As you may recall, the early days of the COVID-19 pandemic saw a short supply of various products. Toilet paper, alcohol wipes, hand sanitizer, masks, and even flour were in such high demand, that some consumers would need to visit half a dozen stores before finding such precious commodities. Due to these extreme shortages coupled with extreme demand, new concerns arose regarding predatory pricing practices and misleading advertising that could result from COVID-19. This led Congress to enact what is known as the COVID-19 Consumer Protection Act which, by its very text, is meant to prohibit deceptive acts or practices in connection with the novel Coronavirus.
The aforementioned act provides the Federal Trade Commission (“FTC”) with the exclusive authority to enforce its provisions. Just recently, the FTC began to exercise that power. For example, in April of 2021, the FTC brought its first action under the COVID-19 Consumer Protection Act when it charged Eric Anthony Nepute and Quickwork LLC for deceptively marketing products as proven to treat or cure COVID-19.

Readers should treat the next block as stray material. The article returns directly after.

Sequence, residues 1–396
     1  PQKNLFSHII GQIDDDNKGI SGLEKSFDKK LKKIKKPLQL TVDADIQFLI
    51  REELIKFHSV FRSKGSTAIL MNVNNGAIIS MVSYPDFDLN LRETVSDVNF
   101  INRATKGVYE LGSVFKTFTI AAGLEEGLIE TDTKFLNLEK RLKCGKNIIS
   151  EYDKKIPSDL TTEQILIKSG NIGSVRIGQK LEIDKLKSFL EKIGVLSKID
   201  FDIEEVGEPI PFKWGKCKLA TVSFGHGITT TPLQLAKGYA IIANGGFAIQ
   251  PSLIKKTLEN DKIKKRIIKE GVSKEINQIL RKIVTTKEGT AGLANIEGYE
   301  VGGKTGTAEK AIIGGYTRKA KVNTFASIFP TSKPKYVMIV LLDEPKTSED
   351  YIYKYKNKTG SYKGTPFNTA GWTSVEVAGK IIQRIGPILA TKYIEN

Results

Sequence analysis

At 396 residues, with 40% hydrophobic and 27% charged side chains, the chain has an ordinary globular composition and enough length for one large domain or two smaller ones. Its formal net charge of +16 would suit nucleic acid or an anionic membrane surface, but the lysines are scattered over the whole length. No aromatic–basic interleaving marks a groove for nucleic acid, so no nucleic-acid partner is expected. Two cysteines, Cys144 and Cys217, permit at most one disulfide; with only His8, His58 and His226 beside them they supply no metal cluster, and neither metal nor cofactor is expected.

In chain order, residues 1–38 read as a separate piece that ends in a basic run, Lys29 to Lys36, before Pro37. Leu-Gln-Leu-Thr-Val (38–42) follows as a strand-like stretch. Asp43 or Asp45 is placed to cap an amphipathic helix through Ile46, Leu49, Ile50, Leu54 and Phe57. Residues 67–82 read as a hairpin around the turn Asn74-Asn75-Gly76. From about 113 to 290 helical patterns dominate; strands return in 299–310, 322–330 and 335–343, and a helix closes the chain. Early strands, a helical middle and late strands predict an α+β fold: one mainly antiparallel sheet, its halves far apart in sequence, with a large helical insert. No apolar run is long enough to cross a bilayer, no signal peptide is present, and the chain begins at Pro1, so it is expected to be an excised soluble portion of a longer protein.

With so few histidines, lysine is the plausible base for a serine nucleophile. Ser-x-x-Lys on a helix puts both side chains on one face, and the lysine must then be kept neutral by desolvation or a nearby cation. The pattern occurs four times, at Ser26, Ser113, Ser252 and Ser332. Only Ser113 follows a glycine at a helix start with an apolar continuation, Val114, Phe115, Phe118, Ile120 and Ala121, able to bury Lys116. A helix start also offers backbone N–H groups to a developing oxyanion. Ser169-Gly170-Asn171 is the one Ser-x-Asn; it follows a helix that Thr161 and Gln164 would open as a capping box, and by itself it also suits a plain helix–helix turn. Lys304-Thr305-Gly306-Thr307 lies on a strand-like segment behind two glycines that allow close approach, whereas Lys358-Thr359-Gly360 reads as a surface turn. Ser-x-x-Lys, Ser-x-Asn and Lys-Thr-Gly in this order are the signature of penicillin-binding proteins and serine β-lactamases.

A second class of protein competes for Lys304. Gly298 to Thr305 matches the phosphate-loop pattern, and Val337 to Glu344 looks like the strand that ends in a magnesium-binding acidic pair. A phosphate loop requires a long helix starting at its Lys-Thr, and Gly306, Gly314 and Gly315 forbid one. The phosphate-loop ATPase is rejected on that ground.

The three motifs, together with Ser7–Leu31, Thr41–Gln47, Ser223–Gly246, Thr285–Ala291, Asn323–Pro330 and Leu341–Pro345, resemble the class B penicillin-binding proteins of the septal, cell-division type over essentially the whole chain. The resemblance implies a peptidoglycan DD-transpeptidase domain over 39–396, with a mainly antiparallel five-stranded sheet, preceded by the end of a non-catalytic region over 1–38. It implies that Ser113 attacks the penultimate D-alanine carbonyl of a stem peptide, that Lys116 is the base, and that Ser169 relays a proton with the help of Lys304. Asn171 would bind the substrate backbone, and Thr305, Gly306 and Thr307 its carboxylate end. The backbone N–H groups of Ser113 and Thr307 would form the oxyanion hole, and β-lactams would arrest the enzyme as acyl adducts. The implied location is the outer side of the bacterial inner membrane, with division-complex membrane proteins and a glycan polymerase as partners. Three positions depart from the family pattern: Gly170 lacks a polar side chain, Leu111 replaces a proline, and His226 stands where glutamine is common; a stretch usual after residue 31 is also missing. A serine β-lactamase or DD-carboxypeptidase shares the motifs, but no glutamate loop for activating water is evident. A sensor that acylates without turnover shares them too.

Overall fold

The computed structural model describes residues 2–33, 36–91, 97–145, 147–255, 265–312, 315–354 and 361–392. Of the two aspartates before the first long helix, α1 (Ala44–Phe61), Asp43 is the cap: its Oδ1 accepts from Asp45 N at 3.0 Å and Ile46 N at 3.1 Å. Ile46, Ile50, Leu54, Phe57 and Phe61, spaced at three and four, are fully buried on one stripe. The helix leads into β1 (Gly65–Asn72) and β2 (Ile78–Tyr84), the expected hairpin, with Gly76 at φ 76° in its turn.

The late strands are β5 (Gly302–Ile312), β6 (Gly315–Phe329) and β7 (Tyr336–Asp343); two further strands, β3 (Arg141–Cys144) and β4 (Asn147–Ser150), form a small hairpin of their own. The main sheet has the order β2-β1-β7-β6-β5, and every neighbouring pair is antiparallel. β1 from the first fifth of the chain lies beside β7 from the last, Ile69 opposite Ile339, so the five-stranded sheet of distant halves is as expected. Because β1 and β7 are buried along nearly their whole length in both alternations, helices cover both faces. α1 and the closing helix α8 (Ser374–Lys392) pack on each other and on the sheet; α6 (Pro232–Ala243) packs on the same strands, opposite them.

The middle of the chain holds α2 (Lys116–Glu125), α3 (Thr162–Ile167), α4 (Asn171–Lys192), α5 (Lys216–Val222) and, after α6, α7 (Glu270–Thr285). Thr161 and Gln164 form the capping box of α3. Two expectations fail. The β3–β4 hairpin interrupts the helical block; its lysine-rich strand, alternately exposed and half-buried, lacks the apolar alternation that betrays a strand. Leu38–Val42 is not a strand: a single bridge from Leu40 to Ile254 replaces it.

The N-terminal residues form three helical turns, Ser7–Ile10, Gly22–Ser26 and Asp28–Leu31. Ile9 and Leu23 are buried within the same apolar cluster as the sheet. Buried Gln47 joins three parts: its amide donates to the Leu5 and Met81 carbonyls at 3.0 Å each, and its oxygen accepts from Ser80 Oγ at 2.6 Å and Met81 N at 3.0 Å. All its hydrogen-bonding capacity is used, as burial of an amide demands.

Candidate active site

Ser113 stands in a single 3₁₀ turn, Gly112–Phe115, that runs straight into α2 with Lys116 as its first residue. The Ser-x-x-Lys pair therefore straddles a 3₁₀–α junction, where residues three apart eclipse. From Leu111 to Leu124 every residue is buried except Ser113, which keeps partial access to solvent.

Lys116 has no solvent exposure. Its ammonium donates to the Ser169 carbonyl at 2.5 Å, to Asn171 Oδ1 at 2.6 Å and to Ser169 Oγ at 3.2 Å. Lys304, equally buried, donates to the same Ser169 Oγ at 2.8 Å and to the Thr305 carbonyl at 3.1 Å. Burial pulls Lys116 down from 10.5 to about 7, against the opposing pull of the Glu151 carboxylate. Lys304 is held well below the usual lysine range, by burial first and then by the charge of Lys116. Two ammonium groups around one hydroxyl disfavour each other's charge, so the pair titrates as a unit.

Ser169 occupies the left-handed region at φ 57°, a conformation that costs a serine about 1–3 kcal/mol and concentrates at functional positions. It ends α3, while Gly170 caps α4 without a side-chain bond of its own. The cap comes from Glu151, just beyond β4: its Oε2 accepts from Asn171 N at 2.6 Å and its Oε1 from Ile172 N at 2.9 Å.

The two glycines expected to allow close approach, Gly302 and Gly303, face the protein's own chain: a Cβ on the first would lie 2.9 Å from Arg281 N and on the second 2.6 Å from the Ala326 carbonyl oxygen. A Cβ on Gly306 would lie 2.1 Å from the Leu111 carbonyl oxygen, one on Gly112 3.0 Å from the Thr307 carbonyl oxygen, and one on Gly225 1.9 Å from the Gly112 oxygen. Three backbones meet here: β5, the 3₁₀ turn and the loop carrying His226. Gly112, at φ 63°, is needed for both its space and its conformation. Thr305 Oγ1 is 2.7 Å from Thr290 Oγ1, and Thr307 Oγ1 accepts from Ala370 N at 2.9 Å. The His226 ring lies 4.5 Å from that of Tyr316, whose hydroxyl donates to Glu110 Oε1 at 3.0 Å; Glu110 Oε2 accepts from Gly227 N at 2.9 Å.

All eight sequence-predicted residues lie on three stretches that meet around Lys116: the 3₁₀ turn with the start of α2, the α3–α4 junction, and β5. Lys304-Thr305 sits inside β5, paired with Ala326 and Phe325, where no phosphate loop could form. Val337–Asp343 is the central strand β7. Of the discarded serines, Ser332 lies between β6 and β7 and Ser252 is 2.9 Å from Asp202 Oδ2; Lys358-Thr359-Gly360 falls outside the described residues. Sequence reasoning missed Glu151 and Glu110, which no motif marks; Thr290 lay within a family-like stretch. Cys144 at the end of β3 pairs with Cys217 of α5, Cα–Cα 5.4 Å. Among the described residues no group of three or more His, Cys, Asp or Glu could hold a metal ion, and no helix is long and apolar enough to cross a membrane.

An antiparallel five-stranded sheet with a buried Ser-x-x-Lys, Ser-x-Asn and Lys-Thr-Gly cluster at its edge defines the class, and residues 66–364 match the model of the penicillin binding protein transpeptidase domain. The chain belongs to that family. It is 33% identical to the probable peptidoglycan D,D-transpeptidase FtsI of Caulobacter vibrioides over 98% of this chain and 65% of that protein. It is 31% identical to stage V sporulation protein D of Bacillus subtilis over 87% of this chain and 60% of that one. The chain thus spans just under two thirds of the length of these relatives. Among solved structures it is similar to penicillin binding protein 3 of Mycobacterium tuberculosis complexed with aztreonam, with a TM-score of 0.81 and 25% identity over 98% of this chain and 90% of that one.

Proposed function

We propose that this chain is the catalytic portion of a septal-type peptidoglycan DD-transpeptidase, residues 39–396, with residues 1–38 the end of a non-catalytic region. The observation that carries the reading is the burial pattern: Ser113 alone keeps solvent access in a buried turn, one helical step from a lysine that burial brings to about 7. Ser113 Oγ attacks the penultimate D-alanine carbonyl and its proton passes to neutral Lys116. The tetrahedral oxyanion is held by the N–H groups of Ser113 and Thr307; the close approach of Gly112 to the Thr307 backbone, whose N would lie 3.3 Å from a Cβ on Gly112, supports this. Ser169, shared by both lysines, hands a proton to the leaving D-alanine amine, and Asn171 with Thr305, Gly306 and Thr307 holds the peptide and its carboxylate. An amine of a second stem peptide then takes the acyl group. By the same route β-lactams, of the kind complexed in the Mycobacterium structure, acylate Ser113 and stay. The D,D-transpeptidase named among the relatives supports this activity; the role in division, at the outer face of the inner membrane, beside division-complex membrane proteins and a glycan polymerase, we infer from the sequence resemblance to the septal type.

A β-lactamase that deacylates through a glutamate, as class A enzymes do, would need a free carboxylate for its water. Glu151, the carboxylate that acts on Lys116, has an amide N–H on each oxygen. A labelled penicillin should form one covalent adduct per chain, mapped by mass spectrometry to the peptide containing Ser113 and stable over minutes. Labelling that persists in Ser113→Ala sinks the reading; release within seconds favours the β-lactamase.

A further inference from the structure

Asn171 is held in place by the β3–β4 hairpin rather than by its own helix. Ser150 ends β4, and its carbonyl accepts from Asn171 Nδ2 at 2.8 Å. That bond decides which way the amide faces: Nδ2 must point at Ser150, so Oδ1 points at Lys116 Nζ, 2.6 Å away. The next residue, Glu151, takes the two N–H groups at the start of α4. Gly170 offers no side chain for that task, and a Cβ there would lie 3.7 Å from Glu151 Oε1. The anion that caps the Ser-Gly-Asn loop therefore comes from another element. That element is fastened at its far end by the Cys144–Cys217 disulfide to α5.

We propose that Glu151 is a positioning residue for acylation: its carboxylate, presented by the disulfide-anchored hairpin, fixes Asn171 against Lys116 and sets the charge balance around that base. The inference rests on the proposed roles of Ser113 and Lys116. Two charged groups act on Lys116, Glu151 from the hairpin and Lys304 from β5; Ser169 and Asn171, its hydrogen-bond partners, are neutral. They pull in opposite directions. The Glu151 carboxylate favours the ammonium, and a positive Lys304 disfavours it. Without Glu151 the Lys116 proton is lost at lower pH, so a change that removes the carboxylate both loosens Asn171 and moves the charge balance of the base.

Now, just yesterday, the FTC has brought its first action under the Act against a PPE related entity. Specifically, the FTC filed a complaint in the Middle District of Florida against Frank Romero, also doing business as multiple other entities, for falsely advertising an ability to quickly deliver N95 facemasks to consumers. For example, Romero on multiple occasions failed to deliver any PPE at all, failed to deliver PPE in a timely manner, failed to issue any refunds, and at times even delivered cloth masks despite promising delivery of N95 masks. As a result, the FTC filed an action against Romero for violating both the COVID-19 Consumer Protection Act and the FTC Act. Likely, these exemplar cases are only the beginning of cases that the FTC may bring under the COVID-19 Consumer Protection Act.